In addition, a number of international voluntary schemes – such as the Roundtable on Sustainable Biomaterials (RSB) – have emerged for the certification of biomass sustainability, driven in large part by the acceptance in the EU RED as a means to demonstrate compliance with mandatory sustainability criteria. However, they differ in the scope and details of the sustainability criteria they cover.
Ecofys says the development of a meta-standard would be a participatory process to define the ambition levels of sustainability for the aviation industry and any voluntary scheme could be benchmarked against this standard. Each airline could then decide on using specific voluntary schemes that comply best with their own ambitions.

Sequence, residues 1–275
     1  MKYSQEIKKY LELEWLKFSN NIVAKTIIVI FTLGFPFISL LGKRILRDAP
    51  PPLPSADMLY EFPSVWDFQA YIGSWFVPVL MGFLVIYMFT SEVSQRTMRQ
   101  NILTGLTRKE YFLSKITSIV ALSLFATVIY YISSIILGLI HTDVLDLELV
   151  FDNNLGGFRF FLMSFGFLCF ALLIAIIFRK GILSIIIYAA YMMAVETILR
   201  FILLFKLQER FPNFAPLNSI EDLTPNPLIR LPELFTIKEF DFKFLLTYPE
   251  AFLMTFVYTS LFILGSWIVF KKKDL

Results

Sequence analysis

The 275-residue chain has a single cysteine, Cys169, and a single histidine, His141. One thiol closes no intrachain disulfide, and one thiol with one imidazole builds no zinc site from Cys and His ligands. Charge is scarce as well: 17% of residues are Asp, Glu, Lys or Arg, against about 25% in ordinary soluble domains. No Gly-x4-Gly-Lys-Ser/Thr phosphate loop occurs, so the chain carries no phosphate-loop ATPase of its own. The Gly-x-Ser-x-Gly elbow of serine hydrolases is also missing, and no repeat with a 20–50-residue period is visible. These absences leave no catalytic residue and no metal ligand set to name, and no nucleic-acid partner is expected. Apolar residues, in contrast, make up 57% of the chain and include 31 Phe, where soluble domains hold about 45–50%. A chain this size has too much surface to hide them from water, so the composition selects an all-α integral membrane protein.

The report recommends the meta-standard should be developed in a multi-stakeholder process and have minimum key requirements, such as sustainability principles and/or criteria, that biofuel producers would need to meet in order to be recognised by the aviation industry or governments internationally. A key first step, say the authors, would be to establish a standard owner of the meta-standard, which could be ICAO or IATA, or a new, independent organisation.
As a next step, Ecofys recommends developing a roadmap to implement the options to ensure the use of sustainable biofuels can be incorporated into the global MBM discussions and be ready in time for inclusion from 2016.
“It is increasingly important to align global policy on sustainability standards,” said Matthias Spöttle, Bioenergy Consultant at Ecofys and co-author of the report. “In an ideal situation, airlines would be able to purchase fuel from any location and use it on any flight and know that it complies with the given sustainability criteria.”